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* ߥʡ2020 [#zbb5ecca]

ߥʡϸ§Ȥ轵14:00鳫ŤƤޤϢ ,  , Ų ,  ~
astro-phߥʡ轵12:00鳫ŤƤޤϢCarol Kwok

// ߥʡȯɽ

** Schedule & History [#vfafd1d8]


|[[ 1 4/9 15:00->#planet0409]]|All members| Self-introduction |15:00||
|[[ 2 4/16 14:00->#planet0409]]|Haruka Hoshino, Hirotaka Hohokabe| Small ASJ meeting |||
|[[ 3 4/23 14:00->#planet0409]]|Yuki Yoshida, Eiichiro Kokubo| Small ASJ meeting |||
|[[ 4 5/14 14:00->#planet0409]]|Sota Arakawa| Thermal history and tidal evolution of trans-Neptunian satellite systems ||Ų|
|[[ 5 5/28 14:00->#planet0528]]|Takuya Takarada (ABC)| Radial-velocity search and statistical studies for short-period planets in the Pleiades open cluster |||
|[[ 6 6/4 16:00->#planet0606]]|Beibei Liu (Lund Univ)| Pebble-driven planet formation around very low-mass stars and brown dwarfs |16:00||
|[[ 7 7/9 14:00->#planet0606]]|Yuka Fujii|Detecting molecular lines of warm/temperate exoplanets with mid-infrared high-resolution spectroscopy|||
|[[ 8 7/21 14:00->#planet0606]]|Masato Ishizuka (U. Tokyo)|Studies of exoplanets with high resolution spectroscopy||Ų|

//ڤ(), Sakuraba(칩), Liu(Lund)

//:&aname(planet1107){5/21}; ̾ȥ|

//:&aname(planet0418){4/18}; Carina Heinreichsberger, Terrestrial or Gaseous? A classification of exoplanets according to density, mass and radius|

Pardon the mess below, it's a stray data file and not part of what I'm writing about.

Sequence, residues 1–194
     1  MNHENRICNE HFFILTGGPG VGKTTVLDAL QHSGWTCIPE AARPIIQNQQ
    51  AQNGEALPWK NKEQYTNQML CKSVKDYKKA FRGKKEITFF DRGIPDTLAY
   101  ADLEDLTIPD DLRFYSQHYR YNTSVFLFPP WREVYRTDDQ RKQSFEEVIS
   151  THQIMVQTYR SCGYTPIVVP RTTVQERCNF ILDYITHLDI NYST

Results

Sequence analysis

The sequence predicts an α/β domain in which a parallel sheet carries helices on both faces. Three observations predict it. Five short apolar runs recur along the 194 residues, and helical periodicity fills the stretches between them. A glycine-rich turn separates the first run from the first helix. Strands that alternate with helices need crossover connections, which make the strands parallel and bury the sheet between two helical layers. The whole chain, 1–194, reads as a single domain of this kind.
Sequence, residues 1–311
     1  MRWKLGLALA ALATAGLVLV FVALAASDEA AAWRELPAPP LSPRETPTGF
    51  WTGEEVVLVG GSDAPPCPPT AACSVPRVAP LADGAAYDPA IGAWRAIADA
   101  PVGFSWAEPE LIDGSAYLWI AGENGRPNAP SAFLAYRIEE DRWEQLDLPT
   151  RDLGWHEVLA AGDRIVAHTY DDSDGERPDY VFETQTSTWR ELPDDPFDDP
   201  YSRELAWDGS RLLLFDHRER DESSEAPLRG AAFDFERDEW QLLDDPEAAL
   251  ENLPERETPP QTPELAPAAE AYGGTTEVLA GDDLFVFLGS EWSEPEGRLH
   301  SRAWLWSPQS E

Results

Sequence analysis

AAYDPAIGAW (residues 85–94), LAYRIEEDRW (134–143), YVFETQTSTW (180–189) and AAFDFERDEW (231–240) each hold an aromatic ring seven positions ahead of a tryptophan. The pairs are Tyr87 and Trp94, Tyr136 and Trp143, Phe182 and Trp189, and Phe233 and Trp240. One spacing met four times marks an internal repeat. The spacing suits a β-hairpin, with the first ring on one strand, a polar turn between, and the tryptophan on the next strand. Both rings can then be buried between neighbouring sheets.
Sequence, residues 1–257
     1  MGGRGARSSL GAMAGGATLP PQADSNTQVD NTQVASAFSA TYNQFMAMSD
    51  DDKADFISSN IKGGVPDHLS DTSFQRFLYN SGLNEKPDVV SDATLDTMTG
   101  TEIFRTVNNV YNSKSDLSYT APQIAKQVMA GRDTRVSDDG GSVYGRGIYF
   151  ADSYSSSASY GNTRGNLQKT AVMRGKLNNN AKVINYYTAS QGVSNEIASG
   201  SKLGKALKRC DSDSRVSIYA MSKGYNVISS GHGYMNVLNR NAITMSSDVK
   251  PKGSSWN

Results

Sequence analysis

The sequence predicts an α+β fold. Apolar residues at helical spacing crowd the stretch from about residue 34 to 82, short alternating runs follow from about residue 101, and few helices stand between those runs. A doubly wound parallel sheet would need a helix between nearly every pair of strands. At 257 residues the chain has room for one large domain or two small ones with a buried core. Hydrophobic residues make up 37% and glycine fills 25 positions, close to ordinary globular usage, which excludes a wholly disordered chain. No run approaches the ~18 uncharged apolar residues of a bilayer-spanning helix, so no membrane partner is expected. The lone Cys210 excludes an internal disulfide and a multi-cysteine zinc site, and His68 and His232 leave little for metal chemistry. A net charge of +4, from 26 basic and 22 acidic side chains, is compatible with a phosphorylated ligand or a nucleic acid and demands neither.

//When looking at Exoplanet Archives the class of a planet is not given. Therefore I tried to find an easy and fast way to classify exoplanets using only density, mass and radius. In this talk I will discuss the formation theory of Planets to explain the boundaries between the different classes (gas, terrestrial) and show the results of my empirical study.

:&aname(planet0604){6/4}; Beibei Liu, Pebble-driven planet formation around very low-mass stars and brown dwarfs|
We conduct a pebble-driven planet population synthesis study to investigate the formation of planets around very low-mass stars and brown dwarfs, in the (sub)stellar mass range between 0.01 M⊙ and 0.1 M⊙. Based on the extrapolation of numerical simulations of planetesimal formation by the streaming instability, we obtain the characteristic mass of the planetesimals and the initial masses of the protoplanets (largest bodies from the planetesimal size distributions), in either the early self-gravitating phase or the later non-self-gravitating phase of the protoplanetary disk evolution. We find that the initial protoplanets form with masses that increase with host mass, orbital distance and decrease with disk age. Around late M-dwarfs of 0.1 M⊙, these protoplanets can grow up to Earth-mass planets by pebble accretion. However, around brown dwarfs of 0.01 M⊙, planets do not grow larger than Mars mass when the initial protoplanets are born early in self-gravitating disks, and their growth stalls at around 0.01 Earth-mass when they are born late in non-self-gravitating disks. Around these low mass stars and brown dwarfs, we find no channel for gas giant planet formation because the solid cores remain too small. When the initial protoplanets form only at the water-ice line, the final planets typically have ≳15% water mass fraction. Alternatively, when the initial protoplanets form log-uniformly distributed over the entire protoplanetary disk, the final planets are either very water-rich (water mass fraction ≳15%) or entirely rocky (water mass fraction ≲5%).